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15 July 2011

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J

Colonel,

The 'American Hasbara' a one former-Ambassador to the U.N. John Bolton has said in a recent visit to Israel (said it on foreign soil no less) that our current U.S. President, quote: "the Most Anti-Israel President in the History of the State, without any question." unquote. Israeli governmental compensated U.S. Hasbara Bolton said such in an interview with the Jerusalem Post. Bolton also criticized Obama's policy with Iran. Remember that Bolton has in the recent past been walking the halls of the U.S. Congress talking to anybody would listen to his tripe, that our U.S. 'must' boom-boom Iran. Bolton, if his keester were to be strapped to one of those boom-booms that he wants dropped on Iran, would sing a different tune if his personal keester were put in the cross-hairs of his Hasbara bullshit!

Bolton is a numnutz there is no question, but a very dangerous numnutz. Too bad that DOJ won't go after him and force Bolton to register himself as an agent for a foreign power under FARA. Oops, I forgot DOJ doesn't even have the balls or backbone to go after an even worse agent for a foreign power called aIPAC (remember that the 'a' is 'silent'). Both are doing damage to our U.S. on behalf of a foreign power, and DOJ just 'yawns'.


Roy G.

I'm sure the Israeli agents provocateur are working overtime trying to stir the pot. The impression I have is that Mossad/settler skullduggery like that has only been effective when on the offensive, but these days, they are clearly back on their heels, and fighting from a reactionary position, so it seems the worm is turning.

Margaret Steinfels

Maybe the UN procedures are know to many of you, but I have been confused about who votes for what when.

Alvaro De Soto a UN official who has served in the ME gave this brief description at TPM. I found it useful.

"These are two quite different approaches. If the idea is to bring the Palestinians up to par with Israel by pushing forward a mirror image of the resolution that led to the creation of Israel, it should be a General Assembly resolution as was the case in 1947. But as a matter of international law, neither the UN nor any other international organization can give legal validity to the creation of a state. The UN is not in the recognition business; only states can recognise states...."

And second: "If the Palestinians were to pursue UN membership, a different procedure would apply. Ultimately UN membership is granted by the General Assembly if 2/3 of the members present and voting so decide, but the opportunity to take such a decision only arises if the Security Council puts its positive stamp on a membership application. There is no bypass mechanism, no uniting-for peace procedure in case of Council deadlock: The drill is that a state aspiring to membership writes to the Secretary-General signifying its desire to be accepted. The Secretariat's Office of Legal Affairs prepares a report on whether the basic formal legal requirements are met....This report goes to the Security Council which makes a political assessment regarding whether the applicant meets the substantive requirements spelled out in the UN Charter--whether it is peace-loving and otherwise committed to the obligations arising from UN membership under the Charter, including its financial obligations, and whether the Council judges that it has the capacity to meet those obligations. The Council votes, with the usual requirements of 9 votes in favor and no permanent members voting against. If it is approved it goes to the General Assembly."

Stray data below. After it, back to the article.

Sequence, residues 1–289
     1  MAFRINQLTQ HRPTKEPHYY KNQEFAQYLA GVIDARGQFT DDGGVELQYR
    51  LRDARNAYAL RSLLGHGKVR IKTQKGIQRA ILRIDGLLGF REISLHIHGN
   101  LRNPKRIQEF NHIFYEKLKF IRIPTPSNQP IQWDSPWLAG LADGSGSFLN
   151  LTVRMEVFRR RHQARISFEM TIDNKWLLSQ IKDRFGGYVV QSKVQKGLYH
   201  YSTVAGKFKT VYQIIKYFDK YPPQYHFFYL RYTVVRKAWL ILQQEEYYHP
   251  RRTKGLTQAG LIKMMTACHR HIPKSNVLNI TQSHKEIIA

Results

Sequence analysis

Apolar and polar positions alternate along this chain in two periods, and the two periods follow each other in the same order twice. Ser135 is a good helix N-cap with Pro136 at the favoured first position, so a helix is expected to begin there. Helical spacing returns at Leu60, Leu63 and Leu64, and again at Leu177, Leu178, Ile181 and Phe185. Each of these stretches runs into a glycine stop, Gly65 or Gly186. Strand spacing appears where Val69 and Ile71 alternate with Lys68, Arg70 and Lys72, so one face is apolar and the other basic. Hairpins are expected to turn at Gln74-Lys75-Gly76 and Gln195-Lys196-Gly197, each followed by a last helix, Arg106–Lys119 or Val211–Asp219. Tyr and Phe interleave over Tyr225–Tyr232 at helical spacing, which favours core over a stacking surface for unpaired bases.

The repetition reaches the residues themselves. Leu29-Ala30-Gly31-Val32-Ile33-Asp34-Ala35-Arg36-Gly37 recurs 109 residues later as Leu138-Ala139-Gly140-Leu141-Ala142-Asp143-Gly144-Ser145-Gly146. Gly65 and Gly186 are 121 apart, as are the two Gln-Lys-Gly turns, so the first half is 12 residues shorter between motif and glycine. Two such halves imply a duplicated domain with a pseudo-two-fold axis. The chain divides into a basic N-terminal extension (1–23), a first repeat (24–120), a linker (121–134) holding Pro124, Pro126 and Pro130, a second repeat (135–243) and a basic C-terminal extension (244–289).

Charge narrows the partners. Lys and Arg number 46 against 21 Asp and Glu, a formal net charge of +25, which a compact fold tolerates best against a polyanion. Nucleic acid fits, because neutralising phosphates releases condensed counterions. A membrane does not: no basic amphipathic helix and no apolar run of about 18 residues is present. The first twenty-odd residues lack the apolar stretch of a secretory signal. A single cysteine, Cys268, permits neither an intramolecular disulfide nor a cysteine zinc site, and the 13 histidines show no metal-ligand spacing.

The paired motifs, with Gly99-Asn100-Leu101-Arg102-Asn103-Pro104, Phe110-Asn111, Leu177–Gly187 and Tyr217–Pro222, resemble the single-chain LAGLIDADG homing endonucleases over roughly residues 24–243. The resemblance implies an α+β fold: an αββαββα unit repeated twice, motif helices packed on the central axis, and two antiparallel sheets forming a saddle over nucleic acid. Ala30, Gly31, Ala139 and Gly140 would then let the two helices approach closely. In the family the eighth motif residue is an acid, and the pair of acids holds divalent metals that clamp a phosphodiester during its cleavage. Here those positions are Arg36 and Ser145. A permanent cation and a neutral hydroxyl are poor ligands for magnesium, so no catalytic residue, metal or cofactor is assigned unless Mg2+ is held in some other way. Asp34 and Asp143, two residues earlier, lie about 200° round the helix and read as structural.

Here: http://tpmcafe.talkingpointsmemo.com/2011/07/11/what_the_un_vote_means--and_does_not/

Eliot

Will the Sauds actually support this?

Patrick Lang

Eliot

IMO. yes. The Israelis have deluded themselves about the "detachment" of the Saudis from Palestine. You, too? pl

Eliot

I just assumed their rhetoric was simply rhetoric. What do they gain from supporting Palestinian recognition? Is it an emotional response? Is it driven by domestic sentiment?

-

I've never traveled in the middle east and I have no real appreciation how the issue affects the region. Clearly, the refugees are never going home. How would statehood alter the status quo?


jdledell

First of all, my compliments to "J" for his aIPAC reference. The lower case,or silent,"a" captures exactly the essence of this organization.

Next Margaret's summary of the UN route is on the mark. As long as the US is willing to use its veto, there is a zero percent chance of Palestine gaining full UN membership. Nonetheless, it is important to proceed since it furthers continues the process of forcing Israel's reliance on the status quo will have to end someday. Perhaps, 130-140 nations in the GA will recognize Palestine this time. In a couple years they will try again and maybe achieve 150-160. Eventually, it might only be the US and Micronesia that hold out against Palestinian membership in the UN.